Karen Freeman-Wilson, 51, knows that the third time is the charm better than most folks. Wilson tried twice before to become mayor of the city of Gary, Ind., in 2003 and 2007, and lost.
In November, however, the Democratic Harvard Law graduate overwhelming won the seat with 86 percent of the vote.
The mayor’s seat was vacant after Rudy Clay decided not to run for re-election.
“It’s an honor to make history, any way you make it,” Freeman-Wilson said.
In 2000, Freeman-Wilson was appointed Indiana’s attorney general by then-Gov. Frank O’Bannon, after Jeff Modisett resigned to take a private sector job in California. After serving the remaining 11 months of Modisett’s term, she ran to remain in office and lost to Republican Steve Carter.
Freeman-Wilson fine-tuned her message and has emerged as Gary’s great hope to bring about change. She became a pioneer in the process, as Gary’s first female mayor and the only African American female mayor in the state of Indiana.
And her responsibilities are daunting; once again Gary has topped the FBI’s list for murder rates per capita.
Mayor Freeman-Wilson’s focus today is to rebuild her city via curbing the crime rate, attracting businesses and new citizens, and developing a trans-rail system and a land-based casino.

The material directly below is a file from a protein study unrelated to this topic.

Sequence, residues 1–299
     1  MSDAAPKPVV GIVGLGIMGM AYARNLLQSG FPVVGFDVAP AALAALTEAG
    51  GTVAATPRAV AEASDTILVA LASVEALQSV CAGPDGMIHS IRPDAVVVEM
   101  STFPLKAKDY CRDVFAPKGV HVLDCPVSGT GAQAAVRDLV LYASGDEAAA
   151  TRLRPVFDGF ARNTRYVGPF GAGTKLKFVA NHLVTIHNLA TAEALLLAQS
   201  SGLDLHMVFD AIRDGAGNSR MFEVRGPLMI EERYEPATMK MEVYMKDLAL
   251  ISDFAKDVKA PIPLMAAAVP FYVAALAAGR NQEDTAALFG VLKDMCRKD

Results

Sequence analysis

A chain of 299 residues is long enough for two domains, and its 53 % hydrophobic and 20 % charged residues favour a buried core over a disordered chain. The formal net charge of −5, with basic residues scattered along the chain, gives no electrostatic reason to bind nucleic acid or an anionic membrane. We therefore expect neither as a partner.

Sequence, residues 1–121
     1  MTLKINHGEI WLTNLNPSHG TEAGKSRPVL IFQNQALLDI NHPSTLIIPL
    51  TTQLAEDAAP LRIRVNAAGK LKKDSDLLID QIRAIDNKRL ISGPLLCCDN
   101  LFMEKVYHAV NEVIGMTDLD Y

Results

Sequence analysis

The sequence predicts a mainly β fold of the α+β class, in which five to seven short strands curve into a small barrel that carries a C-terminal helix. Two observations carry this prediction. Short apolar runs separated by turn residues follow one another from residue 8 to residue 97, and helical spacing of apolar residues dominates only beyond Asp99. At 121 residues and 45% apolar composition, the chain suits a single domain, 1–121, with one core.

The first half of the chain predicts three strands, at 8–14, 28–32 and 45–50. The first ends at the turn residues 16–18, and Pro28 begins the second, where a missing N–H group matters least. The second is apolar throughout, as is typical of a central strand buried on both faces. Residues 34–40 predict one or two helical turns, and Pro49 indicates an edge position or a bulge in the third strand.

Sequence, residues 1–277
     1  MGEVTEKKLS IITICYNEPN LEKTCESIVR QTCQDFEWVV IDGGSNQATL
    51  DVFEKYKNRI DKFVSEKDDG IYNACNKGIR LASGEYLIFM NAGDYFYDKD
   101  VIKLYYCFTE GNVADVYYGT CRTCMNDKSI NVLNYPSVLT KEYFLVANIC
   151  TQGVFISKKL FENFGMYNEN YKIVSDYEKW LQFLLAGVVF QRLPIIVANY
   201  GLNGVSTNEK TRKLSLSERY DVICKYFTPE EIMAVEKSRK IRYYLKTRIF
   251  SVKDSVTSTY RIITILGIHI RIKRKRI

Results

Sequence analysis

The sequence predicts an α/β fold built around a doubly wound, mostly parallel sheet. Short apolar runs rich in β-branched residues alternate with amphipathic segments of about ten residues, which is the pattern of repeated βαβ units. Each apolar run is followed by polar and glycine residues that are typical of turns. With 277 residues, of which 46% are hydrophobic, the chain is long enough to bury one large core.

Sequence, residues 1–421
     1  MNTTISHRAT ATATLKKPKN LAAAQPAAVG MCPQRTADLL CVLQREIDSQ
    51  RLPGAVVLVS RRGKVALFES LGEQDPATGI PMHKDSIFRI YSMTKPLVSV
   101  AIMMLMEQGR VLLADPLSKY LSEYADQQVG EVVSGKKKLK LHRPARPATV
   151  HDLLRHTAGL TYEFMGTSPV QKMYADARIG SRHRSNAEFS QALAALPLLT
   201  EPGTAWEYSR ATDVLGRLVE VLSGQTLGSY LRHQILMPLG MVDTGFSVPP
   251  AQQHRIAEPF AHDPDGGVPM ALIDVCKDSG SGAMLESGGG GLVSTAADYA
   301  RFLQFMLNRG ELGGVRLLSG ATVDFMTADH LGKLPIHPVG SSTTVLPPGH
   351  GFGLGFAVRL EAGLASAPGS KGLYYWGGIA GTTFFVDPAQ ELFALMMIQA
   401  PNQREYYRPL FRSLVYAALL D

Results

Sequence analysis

Rolling out spoke with Mayor Freeman-Wilson at the recent holiday community event sponsored by the Black McDonald’s Operators Association.
How does it feel to be a pioneer?
It certainly feels great to be able to make history in the state of Indiana, but it’s more important for my daughter’s generation to really show them that the sky is the limit if they handle their business and do what they need to do, then they can achieve anything.
Did you expect to win by a landslide?
It’s humbling to have voters place confidence in you. We worked for it, but you never know on Election Day.
What are your immediate goals for Gary?
My immediate goal for Gary is to have a working city and a safe city. We have had some challenges relative to unemployment, we’ve had some challenges relative to crime, and my job is to make Gary a safe city so that people will want to open businesses there and people will want to live there. And we can return Gary to the center of prosperity for Northwest Indiana.
Is there pressure being the mayor of the Jackson 5’s hometown?
Well it’s pressure because a lot of the media in Northwest Indiana and a lot of people in general really have said that my leadership is the only hope for Gary. But what I say is that they hired me to do the job but now I have work for them to do. It’s all of us working together to bring the city back, so that’s my job.
Who is your inspiration?
My inspiration is my mother, Delores Freeman, she is a six-time stroke patient, but she continues to fight back. She continues to embrace life, and certainly Barbara Jordan.
What is your advice for today’s young women?
What I always say to young women is, don’t let anyone define you. You define yourself. You determine who you are. If you want more hair, buy it, but don’t let that be who you are. You have to understand that beauty emanates and it starts from within.
Is a run for the White House in your politcal future?
No. I’m where I want to be, I’ve worked hard all my life to be able to serve the citizens of Gary.